The Hockenheim team orders saga was far from over on Sunday, since the World Motor Sport Council has the power to change the result of the German GP.
Thus Fernando Alonso could yet lose his victory, and if that happens, Rob Smedley’s on-air apology to his driver will be the damning evidence.
In essence the stewards of the meeting could not levy a financial penalty greater than $100,000 on the day, and they preferred not to take the responsibility of a more controversial decision that changed the result in any way. However, in referring the matter to the WMSC they are in effect indicating that they believe there should be a much greater penalty.
That could involve a bigger fine, a change to the results (even though they were declared official on Sunday night), and/or possibly a form of suspended sentence, such a race ban for the team should it be found guilty of a similar offence. An WMSC hearing would also send out a signal to all the other teams.
Ferrari’s argument is obviously that it did not implement team orders, and that the team just gave Felipe Massa information of which he acted of his own accord. The debate will perhaps come to the fact that what is the difference between a driver being told to cede a place in a specific instance, or being party to a standard arrangement to the effect that when told the other driver is faster, he is expected to make the decision to move over.
One Ferrari man told me last night that Felipe understands the rules and if he doesn’t like it he can leave, just as someone else – Rubens Barrichello – did a few years ago. He pointed out that just as Massa had helped Raikkonen in 2007 so Kimi had helped Felipe in 2008.
Both those incidents of course occurred in the last or next to last races of the season. When the team order rule was introduced by Max Mosley it was made clear that it would not apply in that situation, and everyone has always understood that. The whole point was to stop this sort of thing happening in the middle of the year. Massa was (and is) still in the title fight, albeit only mathematically.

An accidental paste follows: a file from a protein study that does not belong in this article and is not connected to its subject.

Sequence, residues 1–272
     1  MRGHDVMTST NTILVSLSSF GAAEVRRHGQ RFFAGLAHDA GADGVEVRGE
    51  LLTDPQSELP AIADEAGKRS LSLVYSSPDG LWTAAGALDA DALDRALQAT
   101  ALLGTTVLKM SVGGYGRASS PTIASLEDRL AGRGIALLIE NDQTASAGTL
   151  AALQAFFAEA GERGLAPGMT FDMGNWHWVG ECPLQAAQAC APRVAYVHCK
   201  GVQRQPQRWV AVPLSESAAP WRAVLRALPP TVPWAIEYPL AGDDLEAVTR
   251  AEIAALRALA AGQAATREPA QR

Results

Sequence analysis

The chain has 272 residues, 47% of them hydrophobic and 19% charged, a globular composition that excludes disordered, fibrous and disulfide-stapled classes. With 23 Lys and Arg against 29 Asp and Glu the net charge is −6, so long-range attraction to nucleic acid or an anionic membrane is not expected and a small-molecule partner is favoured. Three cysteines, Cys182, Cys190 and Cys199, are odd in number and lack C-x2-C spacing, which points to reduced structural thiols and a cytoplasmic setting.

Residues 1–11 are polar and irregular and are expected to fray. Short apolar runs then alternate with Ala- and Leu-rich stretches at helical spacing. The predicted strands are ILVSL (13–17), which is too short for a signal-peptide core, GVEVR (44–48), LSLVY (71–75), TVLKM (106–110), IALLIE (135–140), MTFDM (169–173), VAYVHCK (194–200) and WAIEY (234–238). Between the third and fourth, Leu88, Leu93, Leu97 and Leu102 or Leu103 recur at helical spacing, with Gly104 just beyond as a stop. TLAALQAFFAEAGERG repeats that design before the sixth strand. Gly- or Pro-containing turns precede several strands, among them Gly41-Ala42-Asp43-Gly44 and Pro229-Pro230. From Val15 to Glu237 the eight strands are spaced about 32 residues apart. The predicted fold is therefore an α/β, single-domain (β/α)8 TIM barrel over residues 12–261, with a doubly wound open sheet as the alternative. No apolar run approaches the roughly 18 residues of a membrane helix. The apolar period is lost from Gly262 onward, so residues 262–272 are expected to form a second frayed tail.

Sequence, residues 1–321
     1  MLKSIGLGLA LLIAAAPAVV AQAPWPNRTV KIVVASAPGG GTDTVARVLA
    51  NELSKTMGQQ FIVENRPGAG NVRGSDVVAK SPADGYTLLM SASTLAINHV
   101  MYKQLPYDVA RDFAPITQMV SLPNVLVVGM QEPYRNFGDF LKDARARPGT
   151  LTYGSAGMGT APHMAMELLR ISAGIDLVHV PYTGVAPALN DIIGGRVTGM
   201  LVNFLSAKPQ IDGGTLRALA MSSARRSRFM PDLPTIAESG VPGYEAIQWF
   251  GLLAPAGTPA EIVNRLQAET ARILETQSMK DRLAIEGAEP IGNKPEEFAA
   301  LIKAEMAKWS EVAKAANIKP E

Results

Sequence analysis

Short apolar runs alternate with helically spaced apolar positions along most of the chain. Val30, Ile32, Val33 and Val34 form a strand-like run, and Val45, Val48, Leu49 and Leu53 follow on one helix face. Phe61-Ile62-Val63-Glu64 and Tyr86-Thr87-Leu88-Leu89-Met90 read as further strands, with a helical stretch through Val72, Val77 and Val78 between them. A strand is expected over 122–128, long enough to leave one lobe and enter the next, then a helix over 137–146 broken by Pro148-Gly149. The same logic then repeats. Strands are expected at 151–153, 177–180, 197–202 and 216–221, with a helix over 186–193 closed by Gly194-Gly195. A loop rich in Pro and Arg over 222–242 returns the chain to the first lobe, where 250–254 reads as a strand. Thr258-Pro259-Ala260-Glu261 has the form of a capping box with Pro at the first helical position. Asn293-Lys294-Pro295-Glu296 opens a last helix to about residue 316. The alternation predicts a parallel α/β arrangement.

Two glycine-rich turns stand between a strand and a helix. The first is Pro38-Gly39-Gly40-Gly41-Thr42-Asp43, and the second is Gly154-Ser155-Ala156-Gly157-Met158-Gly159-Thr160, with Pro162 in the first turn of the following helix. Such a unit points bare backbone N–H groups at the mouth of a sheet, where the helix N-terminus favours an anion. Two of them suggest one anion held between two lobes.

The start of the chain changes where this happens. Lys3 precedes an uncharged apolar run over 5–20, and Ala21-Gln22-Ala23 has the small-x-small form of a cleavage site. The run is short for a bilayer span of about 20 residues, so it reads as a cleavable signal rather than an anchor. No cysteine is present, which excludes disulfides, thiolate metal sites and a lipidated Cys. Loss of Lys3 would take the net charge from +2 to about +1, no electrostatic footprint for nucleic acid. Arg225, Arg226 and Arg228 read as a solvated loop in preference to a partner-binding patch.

In essence the evidence the radio messages that the viewing public at home also heard, although there was apparently some earlier traffic on the same subject that was not broadcast.
Rob Smedley initially told Massa, “Fernando is faster than you, can you confirm that you understand that message?”
Everyone in the paddock and watching at home had a pretty good idea of what those words implied, but Ferrari’s argument is that there nothing sinister behind them.
The big problem is that after the pass was made Smedley said, “Good lad, well done, sorry.”
With Rob saying that, and Felipe making his ceding of the lead oh so obvious (as Rubens did in Austria 2002), the pair have in effect dropped Ferrari in it.
That apology clearly caught the attention of the stewards, and it’s going to be a key part of the investigation by the World Motor Sport Council. Indeed Smedley was called to see the stewards, along with the drivers, in order to explain what he meant when he apologised. We can guess that the only thing he could have told them that he was apologising for not providing a faster car…